GREAT FALLS, Mont. (AP) -- Alaska Gov. Sarah Palin will spend much of the next few weeks campaigning with Sen. John McCain, a move that not only capitalizes on the Republican enthusiasm for the vice presidential nominee but also limits her exposure to the news media.
Palin, the little-known, first-term governor thrust into the national spotlight, left Washington for Alaska on Wednesday afternoon, her first trip home since being named to the ticket. She and her husband, Todd, boarded the plane after McCain and his wife, Cindy, escorted them to the aircraft.
The two are expected to begin appearing together again as early as next week, said a McCain adviser aboard Palin's flight.
McCain and Palin traveling together limits her exposure to reporters and gives McCain's top aides more control of her. Palin has not done interviews since the first and only one she gave to People magazine on the day McCain introduced her as his vice presidential choice.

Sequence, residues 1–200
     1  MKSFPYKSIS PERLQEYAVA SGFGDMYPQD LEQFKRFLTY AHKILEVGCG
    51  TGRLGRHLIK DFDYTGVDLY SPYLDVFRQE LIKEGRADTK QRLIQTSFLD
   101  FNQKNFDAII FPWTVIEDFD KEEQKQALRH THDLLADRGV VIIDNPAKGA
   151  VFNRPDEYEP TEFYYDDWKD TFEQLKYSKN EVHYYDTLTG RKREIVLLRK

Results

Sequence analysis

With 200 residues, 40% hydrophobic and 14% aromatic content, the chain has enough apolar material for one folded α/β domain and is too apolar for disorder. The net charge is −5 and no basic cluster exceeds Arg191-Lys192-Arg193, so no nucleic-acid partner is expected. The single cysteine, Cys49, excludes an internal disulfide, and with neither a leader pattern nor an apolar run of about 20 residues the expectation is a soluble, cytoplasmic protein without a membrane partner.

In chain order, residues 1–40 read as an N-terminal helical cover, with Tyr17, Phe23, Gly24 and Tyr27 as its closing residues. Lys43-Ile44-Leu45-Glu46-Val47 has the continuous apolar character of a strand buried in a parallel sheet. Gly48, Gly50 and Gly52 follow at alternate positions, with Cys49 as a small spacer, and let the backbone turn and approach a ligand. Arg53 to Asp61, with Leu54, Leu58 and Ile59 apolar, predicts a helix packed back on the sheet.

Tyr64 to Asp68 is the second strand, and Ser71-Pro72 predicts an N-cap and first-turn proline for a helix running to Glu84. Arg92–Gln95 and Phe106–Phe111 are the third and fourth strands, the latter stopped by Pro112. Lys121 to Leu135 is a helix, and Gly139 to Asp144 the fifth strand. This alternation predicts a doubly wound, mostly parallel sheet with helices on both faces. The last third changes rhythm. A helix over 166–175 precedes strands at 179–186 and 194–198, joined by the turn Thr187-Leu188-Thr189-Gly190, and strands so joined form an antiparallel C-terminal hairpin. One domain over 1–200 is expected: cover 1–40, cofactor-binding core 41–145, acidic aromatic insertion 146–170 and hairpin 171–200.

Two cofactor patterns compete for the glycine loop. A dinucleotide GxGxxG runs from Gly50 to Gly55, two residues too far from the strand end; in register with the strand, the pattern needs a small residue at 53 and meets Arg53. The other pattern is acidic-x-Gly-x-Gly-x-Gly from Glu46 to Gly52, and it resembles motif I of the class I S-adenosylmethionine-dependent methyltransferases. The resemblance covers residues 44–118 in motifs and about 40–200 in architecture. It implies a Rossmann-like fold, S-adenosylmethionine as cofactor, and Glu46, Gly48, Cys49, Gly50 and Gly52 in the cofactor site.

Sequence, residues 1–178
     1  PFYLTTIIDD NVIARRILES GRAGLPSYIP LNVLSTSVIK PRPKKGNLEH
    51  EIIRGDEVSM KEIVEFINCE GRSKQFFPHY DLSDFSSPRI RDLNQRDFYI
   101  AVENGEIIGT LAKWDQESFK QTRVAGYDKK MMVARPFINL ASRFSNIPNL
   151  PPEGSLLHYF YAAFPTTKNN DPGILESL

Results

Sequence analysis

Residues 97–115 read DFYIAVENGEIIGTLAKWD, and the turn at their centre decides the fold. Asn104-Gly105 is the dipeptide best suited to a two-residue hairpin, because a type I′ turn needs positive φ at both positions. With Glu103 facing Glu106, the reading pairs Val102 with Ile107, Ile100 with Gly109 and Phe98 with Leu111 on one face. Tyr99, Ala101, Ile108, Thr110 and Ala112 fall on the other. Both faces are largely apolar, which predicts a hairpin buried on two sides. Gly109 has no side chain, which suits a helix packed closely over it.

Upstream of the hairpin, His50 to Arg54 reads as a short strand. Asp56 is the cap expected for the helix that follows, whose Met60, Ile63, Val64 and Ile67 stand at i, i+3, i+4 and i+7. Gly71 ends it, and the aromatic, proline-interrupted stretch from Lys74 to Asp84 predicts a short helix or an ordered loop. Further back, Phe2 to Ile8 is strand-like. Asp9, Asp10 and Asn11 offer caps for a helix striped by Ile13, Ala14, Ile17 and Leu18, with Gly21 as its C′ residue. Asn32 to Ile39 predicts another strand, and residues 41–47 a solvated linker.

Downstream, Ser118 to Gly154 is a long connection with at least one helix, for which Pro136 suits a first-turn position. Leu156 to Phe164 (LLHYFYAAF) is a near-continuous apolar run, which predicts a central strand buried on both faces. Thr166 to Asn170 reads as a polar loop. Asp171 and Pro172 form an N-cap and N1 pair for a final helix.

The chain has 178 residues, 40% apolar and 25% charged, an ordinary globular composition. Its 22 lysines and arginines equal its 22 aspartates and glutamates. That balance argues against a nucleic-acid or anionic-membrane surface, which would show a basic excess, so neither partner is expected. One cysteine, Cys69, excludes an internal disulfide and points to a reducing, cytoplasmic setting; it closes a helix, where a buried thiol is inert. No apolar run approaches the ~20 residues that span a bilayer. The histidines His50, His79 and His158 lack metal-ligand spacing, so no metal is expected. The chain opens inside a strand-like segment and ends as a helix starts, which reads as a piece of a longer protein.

Palin's plane made a brief refueling stop in Montana to finish the trip to Fairbanks. She is scheduled to make at least two public appearances in Alaska, including a homecoming rally set for Wednesday evening in Fairbanks.
She also is scheduled for an interview with ABC News, but no other media interviews are scheduled, campaign officials said. The campaign repeatedly has denied other interview requests.
This is Palin's first venture away from McCain and his advisers, although several of the campaign's staff accompanied her to Alaska. She did not interact with reporters during the flight.
Palin's first solo campaign trip drew a crowd of reporters so large that campaign officials had to force them to sacrifice 400 pounds of equipment and luggage before the plane could leave Dulles International Airport outside Washington.
Meanwhile, in Palin's hometown of Wasilla, Alaska, a small group of supporters of Democratic presidential nominee Barack Obama marched up and down a highway, chanting slogans and holding signs that said "8 years is Enough" and "Obama! Believe." Palin was mayor of the town of about 7,000 residents from 1996-2002. Some drivers honked and waved in support of Obama; others stopped and yelled "Sarah!"
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